¶ Though I speak with the tongues of men and of angels, but have not love, I have become sounding brass or a clanging cymbal (1 Cor. 13:1, NKJV).
Paul’s overriding theme in 1 Cor. 13:1-3 is that serving God and other people without love is empty and useless.
Explanation of Love. “Love” translates the Greek, agapen, from agape, which is defined as “concern, interest” (Concise Greek-English Dictionary of the New Testament, s. v. αγαπην, in Bible Windows CD); “to have love for someone or something, based on sincere appreciation and high regard” (Greek-English Lexicon, s. v. αγαπην); “placing a high value upon some person or thing, or of receiving them with favour” (Warnach, SacVb 518, Horst Balz and Gerhard Schneider, eds., Exegetical Dictionary of the New Testament, n. p.: William B. Eerdmans Publishing Company, 1990 in PC Study Bible V.5 CD, Seattle: Biblesoft Inc.,1988-2007)
While I was driving some friends home one day, they thanked me
for my kindness. I asked, “Do you know the difference between kindness and loving kindness?” “What?” they replied. I said, “I bring you home. That’s kindness. But if I bring you home and buy bread and coke along the way, and give it to you, that is loving kindness.”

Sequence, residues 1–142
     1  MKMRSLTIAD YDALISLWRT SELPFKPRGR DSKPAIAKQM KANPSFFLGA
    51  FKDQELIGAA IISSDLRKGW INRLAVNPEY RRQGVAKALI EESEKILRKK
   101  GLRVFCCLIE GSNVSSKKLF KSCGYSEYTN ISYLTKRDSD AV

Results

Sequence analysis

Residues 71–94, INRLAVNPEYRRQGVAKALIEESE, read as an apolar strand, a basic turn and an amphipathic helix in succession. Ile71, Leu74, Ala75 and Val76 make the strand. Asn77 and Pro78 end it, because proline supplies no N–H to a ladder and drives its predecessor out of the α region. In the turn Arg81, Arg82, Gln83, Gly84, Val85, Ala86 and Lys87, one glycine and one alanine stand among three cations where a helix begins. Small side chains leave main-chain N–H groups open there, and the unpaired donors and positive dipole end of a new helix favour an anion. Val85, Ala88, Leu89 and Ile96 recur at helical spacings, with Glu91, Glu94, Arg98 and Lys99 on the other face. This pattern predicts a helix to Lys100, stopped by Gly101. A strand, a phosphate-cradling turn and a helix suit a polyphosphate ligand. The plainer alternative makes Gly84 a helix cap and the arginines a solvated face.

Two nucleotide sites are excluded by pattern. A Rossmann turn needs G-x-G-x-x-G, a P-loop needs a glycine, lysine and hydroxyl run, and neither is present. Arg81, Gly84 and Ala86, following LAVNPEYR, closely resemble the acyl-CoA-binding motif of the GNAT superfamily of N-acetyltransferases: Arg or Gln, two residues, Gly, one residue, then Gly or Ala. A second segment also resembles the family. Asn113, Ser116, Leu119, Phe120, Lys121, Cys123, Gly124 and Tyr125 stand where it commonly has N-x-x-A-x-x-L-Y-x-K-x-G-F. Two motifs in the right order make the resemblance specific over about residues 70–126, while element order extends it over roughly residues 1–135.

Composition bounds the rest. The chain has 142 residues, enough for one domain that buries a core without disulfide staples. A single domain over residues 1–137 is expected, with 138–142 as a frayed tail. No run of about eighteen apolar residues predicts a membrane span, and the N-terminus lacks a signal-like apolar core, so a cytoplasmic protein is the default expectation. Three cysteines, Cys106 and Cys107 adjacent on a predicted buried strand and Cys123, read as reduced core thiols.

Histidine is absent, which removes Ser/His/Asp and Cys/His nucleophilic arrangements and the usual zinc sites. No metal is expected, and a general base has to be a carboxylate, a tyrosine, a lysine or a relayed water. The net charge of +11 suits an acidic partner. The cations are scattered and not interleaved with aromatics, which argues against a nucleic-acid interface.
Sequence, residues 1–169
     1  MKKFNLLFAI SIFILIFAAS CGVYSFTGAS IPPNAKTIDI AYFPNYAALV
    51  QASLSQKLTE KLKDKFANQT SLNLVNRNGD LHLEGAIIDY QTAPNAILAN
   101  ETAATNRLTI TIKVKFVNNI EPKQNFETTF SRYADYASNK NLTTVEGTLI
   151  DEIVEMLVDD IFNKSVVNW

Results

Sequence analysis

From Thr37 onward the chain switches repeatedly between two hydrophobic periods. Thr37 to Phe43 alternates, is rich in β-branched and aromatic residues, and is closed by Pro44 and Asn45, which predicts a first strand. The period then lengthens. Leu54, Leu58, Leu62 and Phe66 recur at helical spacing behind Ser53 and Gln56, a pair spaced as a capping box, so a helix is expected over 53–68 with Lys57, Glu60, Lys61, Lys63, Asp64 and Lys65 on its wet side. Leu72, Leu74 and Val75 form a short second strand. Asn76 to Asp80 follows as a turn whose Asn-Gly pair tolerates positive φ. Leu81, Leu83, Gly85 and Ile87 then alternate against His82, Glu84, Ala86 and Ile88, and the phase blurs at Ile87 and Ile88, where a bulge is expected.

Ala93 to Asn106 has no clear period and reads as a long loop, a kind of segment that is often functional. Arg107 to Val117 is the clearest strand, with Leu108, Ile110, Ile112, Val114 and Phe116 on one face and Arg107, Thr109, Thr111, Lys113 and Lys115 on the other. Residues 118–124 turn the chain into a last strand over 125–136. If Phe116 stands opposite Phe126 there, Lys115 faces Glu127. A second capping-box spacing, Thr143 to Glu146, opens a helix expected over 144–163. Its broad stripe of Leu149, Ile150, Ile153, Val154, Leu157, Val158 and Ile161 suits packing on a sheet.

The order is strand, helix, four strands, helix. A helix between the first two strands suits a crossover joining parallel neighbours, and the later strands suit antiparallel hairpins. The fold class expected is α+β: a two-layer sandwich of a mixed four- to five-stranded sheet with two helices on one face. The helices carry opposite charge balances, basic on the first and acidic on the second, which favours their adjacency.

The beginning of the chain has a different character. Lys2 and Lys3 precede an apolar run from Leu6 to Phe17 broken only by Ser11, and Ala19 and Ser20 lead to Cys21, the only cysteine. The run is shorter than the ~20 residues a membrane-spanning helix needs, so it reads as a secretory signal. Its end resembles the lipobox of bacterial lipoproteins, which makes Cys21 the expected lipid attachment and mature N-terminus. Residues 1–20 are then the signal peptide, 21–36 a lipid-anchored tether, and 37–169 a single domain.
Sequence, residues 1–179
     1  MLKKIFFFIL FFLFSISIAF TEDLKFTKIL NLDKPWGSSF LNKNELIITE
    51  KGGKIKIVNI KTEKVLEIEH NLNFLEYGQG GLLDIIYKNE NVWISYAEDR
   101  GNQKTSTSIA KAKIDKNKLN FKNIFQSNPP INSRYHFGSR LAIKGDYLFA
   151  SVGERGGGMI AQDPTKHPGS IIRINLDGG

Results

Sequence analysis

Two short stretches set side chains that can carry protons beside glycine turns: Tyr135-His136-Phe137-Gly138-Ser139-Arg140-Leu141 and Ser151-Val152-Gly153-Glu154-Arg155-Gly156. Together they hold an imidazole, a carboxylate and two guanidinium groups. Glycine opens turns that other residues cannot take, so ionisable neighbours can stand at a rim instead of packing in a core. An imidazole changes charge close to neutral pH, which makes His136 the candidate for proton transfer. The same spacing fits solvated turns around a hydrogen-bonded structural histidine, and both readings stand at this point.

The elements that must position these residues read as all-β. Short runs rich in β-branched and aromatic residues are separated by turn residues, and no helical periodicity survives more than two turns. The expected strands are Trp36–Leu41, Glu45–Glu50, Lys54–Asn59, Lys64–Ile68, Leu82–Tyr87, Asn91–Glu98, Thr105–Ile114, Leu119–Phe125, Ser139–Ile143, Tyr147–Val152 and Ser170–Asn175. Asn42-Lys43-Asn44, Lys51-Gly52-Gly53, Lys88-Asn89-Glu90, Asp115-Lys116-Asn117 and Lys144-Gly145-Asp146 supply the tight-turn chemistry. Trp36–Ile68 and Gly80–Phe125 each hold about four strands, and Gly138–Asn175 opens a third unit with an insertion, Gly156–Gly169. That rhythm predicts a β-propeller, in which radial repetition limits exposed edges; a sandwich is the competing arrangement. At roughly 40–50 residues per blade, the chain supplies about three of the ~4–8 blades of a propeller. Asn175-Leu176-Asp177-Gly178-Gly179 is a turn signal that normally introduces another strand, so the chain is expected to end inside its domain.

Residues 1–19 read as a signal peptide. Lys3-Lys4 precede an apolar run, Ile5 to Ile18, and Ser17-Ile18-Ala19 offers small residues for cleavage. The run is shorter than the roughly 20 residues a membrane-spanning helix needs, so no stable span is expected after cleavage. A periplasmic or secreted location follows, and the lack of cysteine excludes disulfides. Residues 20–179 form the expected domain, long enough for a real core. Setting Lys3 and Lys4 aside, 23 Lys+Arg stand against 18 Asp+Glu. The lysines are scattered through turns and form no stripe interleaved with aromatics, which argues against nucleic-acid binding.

Love involves 2 things—a concern and an object of your concern. You have to be deeply concerned and interested in others in the Body of Christ. That includes sincerely appreciating some people whom you might not like. You have to value them highly. You have to receive them with favor. You do not love somebody because that somebody loves you. You love because you seek the good of that somebody. You seek to “do good to all, especially to those who are of the household of faith” (Gal. 6:10, NKJV).
Paul is not talking here about your romantic love for your girlfriend or boyfriend, or your husband or wife. He’s talking about building the body of Christ with your spiritual gifts. And in doing so, you are to be driven by this kind of love—agape love.
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